The CBOE Put/Call ratio continues to be one of the most effective short-term timing indicators for the stock market.

The CPC is a short-term, contrary indicator. It compares the action in call options to the action in put options. A reading above 1.20 shows extreme bearishness among speculators and can indicate a good time to buy stocks for the short term. A reading below 0.80 shows extreme bullishness and could indicate a good time to sell.

And, as you can see from the following chart, this indicator has been “spot-on” at signaling short-term reversals in the broad stock market…

We’ve had multiple CPC “sell signals” over the past few months – as indicated by the red arrows on the chart. In every case, the S&P 500 sold off within one or two days afterwards. Most of the pullbacks were shallow – ranging between about 20 and 50 S&P points.

That is the nature of short-term signals. But they can still produce profitable trades for nimble traders.

The most recent sell signal came in early May, just before the China trade war fears ignited last week.

Buy signals have been much less frequent this year. That’s not a surprise. The CPC indicates potential reversals in the market. And over the past few months, there haven’t been any decline phases to reverse… until last week.

The CPC closed at 1.28 on Thursday. That’s above the 1.20 level that indicates extreme pessimism. And, from a contrary perspective, that’s a buy signal.

Given this condition – and given the remarkable track record of this short-term indicator – it shouldn’t be any surprise that the stock market reversed Friday’s opening losses and closed higher the day. Traders who were watching this indicator should have been looking to buy into Friday’s decline.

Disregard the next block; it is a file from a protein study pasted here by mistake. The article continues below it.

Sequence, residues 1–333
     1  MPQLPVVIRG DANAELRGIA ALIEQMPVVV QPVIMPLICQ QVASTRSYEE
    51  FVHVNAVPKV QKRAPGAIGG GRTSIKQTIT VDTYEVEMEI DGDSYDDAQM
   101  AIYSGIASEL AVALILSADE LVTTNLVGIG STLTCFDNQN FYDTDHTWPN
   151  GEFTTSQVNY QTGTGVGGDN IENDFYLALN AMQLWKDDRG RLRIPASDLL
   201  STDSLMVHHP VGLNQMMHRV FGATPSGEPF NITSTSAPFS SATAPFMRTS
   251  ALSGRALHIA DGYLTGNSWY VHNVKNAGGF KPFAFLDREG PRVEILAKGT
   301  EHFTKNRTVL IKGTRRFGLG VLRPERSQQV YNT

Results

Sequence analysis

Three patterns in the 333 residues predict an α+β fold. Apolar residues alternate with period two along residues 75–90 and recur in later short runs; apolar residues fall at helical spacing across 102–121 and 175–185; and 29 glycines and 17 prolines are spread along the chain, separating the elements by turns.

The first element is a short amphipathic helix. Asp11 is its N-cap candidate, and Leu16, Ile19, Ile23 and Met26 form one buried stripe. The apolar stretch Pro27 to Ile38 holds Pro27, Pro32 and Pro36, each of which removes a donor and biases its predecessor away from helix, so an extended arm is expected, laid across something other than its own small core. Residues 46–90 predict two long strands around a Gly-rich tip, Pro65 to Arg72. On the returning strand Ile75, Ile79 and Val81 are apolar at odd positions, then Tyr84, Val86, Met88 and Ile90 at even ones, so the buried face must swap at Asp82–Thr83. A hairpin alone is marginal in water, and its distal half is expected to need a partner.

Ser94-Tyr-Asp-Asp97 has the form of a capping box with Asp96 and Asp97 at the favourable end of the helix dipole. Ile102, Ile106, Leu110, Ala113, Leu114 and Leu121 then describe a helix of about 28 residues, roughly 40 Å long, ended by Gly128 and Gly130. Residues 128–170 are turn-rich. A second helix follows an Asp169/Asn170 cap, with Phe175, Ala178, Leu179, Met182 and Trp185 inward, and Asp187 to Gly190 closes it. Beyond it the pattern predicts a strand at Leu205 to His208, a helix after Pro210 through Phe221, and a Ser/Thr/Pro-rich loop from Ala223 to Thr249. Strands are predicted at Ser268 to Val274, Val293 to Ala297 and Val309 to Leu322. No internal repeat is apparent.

The CPC is still at elevated levels – closing Friday at 1.24. That, plus the new Volatility Index (VIX) buy signal that triggered on Friday , should lead to some bullish action in the stock market early this week.

Don’t get too comfortable on the long side, though. The stock market suffered significant technical damage last week. There’s a good chance the intermediate-term trend has shifted from bullish to bearish, and that stocks will be lower several months from now than where they are today.

For the very short term, though, the CPC indicator is bullish.

Best regards and good trading,

Jeff Clark

P.S. When the S&P fell as much as 2.5% this week, how did you trade it?

At about 10:44 a.m. ET on Friday, I sent a trade recommendation to my Delta Report subscribers (selling uncovered puts on SPY)… By 1:22 p.m., we were out of the trade for a quick 3% gain.

Pulling off those kinds of gains, over and over… while the market tumbles… It’s just what we do in the Delta Report. And, for reasons I won’t get into here, I believe the best opportunities are yet to come.

I’ll explain everything on May 22 at 8 p.m. ET. Book your seat now.  

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